It’s a very small section, possibly only 100m, and you exit up a bank, and cross over to the creek (to avoid some creek walking), dropping down another bank and into another streamway, Dollar Cave.
Dollar cave was really nice, easy walking, no crawling and lovely streamway.
Streamway, with some flow-stone on the side.
More passage-way, as you can see there’s no mud, just nice clean rock to walk on with water only up to your ankles (if that).
Half-way along there’s a daylight hole (you can see the ferns growing from the sunlight that occasionally gets into the cave).
More nice streamway.
We climbed up here out of the cave and dropped over the other side of a rock pile, down into another cave, Briar’s.
Jox descending into the next cave Briars.
Heather entering the cave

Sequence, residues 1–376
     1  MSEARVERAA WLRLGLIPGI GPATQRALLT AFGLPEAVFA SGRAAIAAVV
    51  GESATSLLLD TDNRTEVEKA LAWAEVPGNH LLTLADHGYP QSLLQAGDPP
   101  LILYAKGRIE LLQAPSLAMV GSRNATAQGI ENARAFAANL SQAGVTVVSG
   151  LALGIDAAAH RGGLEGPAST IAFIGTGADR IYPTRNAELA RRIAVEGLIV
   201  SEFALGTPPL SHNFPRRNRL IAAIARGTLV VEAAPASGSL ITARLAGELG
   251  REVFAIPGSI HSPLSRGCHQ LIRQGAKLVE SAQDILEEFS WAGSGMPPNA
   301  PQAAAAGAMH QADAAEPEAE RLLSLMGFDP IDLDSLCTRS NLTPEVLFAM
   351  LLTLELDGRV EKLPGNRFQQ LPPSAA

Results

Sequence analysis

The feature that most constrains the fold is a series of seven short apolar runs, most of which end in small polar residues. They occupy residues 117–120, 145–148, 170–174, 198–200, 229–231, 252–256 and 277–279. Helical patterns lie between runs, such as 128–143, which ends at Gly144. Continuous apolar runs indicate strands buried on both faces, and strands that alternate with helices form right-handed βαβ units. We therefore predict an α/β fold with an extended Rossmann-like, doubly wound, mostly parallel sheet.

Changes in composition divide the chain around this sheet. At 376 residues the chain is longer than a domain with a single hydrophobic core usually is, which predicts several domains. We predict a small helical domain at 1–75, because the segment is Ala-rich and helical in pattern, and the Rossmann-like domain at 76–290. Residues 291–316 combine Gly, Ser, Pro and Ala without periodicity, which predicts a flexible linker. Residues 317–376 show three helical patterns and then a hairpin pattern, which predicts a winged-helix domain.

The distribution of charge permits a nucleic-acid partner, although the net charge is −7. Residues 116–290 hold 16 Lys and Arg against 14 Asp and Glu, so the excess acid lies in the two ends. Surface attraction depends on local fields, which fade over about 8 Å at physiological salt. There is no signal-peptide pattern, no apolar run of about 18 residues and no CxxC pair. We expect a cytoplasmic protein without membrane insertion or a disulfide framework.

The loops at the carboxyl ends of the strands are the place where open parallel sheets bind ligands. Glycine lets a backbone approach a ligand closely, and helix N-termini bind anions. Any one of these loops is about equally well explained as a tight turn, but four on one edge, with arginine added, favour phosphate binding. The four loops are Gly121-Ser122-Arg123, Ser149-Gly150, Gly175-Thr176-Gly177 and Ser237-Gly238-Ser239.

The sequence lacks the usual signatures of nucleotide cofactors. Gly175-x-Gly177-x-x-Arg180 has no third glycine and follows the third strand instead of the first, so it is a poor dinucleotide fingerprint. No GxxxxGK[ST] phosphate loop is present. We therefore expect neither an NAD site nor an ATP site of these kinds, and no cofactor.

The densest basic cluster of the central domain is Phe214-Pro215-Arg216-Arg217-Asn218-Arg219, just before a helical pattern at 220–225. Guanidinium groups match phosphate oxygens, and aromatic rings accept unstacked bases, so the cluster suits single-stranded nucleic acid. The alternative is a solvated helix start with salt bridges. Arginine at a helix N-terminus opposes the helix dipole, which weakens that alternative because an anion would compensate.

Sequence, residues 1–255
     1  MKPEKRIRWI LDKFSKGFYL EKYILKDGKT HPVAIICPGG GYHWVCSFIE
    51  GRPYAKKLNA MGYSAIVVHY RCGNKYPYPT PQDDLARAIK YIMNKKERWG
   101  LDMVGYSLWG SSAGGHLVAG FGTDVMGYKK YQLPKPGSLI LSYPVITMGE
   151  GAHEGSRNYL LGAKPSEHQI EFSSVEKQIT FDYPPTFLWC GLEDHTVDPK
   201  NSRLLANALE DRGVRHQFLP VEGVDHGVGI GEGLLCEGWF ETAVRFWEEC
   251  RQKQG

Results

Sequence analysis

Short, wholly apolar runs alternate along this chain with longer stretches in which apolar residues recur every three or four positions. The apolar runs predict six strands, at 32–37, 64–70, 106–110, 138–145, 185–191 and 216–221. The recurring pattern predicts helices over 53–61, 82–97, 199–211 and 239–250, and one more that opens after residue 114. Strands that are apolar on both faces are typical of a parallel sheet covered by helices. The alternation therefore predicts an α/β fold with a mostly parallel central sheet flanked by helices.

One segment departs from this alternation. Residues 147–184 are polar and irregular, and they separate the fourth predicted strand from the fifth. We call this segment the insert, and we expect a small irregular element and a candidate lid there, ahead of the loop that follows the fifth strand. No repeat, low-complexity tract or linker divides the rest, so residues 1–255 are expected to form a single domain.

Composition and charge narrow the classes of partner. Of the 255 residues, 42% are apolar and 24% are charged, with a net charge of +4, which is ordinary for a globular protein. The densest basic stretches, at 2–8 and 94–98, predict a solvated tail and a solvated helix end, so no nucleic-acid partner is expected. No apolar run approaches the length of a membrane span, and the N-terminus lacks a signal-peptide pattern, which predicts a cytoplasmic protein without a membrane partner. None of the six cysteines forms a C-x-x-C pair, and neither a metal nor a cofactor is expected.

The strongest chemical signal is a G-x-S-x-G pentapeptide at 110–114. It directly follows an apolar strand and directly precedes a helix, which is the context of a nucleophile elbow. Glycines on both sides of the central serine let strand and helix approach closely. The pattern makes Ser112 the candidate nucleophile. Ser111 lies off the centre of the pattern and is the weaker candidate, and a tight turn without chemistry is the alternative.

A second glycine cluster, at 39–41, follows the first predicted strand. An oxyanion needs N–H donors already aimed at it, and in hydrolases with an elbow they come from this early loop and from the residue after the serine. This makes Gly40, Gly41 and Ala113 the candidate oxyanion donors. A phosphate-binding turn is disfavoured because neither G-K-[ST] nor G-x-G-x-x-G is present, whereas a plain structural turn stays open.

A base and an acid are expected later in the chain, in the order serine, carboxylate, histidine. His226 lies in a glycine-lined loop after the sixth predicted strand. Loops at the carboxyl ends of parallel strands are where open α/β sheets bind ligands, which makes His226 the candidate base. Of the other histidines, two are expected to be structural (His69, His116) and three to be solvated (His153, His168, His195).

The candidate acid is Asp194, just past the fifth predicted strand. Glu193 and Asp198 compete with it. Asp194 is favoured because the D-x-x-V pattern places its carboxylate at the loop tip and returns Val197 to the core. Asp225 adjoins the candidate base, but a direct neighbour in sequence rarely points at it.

Again it was a nice streamway, with rock on the floor.
Some formations as we go through.
A few climbs
A stand-up squeeze
And thigh-deep water in spots (JV on the right emptying out his gum boot)
The way forward became more difficult if you wanted to stay out of the water with much stepping/bridging between rocks.
A bit of white flow-stone
And then a cavern with lots of formation.
Water coming in from another stream. We retraced our steps back out and back to the Single Men’s Quarters for happy hour!
Battley’s Cave – (Thursday 8 November) underground 3hrs. One of David’s favourite caves, the nature of it changes half way through it.
Yet another field of brilliant green grass, this time with lots of limestone outcrops. The entry to the cave was a mere 100m from the cars!
Jo at the entry after a small squeeze that we had to go down.
JV, the tunnel section here was harder for tall people.
More tunnel section in the streamway.
We came to a section that had a really flat ceiling, a slab of rock had just fallen down, there was graffiti all over the ceiling, looked like it had been written with carbide ash.
Lots of water in the tunnel sections.
It almost looks like a machine has gone through and made the tunnel here.
There were a few scramble sections, but not many.